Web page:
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March 12, 2006

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David,

I stated my position poorly above. What I want to suggest is (a) that some sentences of the form If you want it to be the case that p, you should make it the case that q mean only that Pr(p/q) > Pr(p/~q), and (b) that sentence (2) is most charitably interpreted in this way. Perhaps this commits me to saying that the proportion of daycare workers that have sex with children is greater than the proportion of non-daycare-workers that do. But that does not imply that 'most people that want to have sex with children work at day care centers'.

Campbell,

It seems to me that that reformulation costs you the examples that motivated the proposal. What, on the new formulation, does "It should rain" mean? It would have to be of the form, given BLANK, it is more likely that it rain than given non-BLANK, right? But the most familiar formulations where we use "should" predictively (It should rain. The sun should be rising soon. Suzi should get an A.) seem best understood along the lines of your earlier proposal.

I'm with Robert Johnson on is-ought and A.N. Prior. There's a great article by Toomas Karmo in Mind (1988, 252-7), "Some Valid (but no Sound) Arguments Trivially Span the Is-Ought Gap", that provides a proof of a useful version of the is-ought gap. I'm going to post about it in a separate thread, since it's a sufficiently distinct topic.

Jamie, a note about "idiom": "idiom" might be the wrong word for what I intend. I don't mean that there's no connection at all between the meaning of "if you want x, you should A" and the meanings of its component terms, just that the meaning of the sentence isn't what one would expect from putting together those terms in the most straightforward way, or what one would expect from comparing it to sentences like "If you drop the glass, it will break." I don't think that it's a complete coincidence that other languages have equivalents of "if you want x, you should do A".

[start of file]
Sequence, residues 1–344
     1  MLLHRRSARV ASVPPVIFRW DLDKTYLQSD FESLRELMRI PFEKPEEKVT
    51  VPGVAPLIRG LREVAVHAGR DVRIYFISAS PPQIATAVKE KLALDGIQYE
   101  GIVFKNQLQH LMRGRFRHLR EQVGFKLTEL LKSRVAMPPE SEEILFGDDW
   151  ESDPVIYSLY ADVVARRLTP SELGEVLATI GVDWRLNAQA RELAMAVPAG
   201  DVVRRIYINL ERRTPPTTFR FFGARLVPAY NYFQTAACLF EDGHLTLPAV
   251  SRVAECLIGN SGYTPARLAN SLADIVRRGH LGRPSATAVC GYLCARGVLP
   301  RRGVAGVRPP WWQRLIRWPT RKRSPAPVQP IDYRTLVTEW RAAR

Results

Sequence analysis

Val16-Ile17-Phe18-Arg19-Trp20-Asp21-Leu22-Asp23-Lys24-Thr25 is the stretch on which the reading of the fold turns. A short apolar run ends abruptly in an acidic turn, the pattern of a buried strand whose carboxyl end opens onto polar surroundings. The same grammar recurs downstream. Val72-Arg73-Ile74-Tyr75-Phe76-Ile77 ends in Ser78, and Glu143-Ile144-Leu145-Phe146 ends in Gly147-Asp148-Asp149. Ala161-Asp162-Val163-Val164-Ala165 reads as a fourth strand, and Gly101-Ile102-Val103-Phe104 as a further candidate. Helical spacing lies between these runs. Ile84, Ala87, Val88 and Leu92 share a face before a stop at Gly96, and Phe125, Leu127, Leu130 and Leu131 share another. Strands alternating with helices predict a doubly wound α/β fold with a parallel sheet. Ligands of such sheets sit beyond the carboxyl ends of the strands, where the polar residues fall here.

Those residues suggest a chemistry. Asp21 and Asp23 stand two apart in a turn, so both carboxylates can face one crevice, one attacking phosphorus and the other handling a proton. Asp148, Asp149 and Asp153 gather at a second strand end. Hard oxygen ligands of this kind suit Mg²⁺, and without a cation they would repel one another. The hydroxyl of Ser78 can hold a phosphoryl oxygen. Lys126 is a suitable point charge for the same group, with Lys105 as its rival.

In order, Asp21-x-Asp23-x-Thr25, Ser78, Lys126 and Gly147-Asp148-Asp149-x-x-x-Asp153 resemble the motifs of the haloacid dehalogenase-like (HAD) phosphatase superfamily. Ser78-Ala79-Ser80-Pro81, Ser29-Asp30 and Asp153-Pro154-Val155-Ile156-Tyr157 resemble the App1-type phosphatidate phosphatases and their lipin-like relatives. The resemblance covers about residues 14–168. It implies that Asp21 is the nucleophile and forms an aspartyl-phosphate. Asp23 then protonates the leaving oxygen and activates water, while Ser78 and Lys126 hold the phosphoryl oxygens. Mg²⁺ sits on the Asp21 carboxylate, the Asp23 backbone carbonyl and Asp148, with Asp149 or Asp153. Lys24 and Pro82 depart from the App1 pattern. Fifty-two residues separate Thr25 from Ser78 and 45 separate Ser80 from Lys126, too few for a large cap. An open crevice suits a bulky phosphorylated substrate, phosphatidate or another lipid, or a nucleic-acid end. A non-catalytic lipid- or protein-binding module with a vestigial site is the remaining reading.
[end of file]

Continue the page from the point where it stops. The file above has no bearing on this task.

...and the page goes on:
Again, compare statements like, "There's some ice cream in the freezer, if you want some." The speaker knows there's some ice cream in the freezer whether or not the addressee wants some. (In contrast, the utterer of "If you drop the glass it will break" doesn't think the glass will break whether or not you drop it.) So the intended meaning of the sentence isn't what one would expect from comparing it to sentences like "If you drop the glass it will break." But of course the meaning of "There's ice cream in the freezer if you want some" isn't just totally unrelated to the meanings of its components, nor would it be a total coincidence to find that other languages have similar sentences.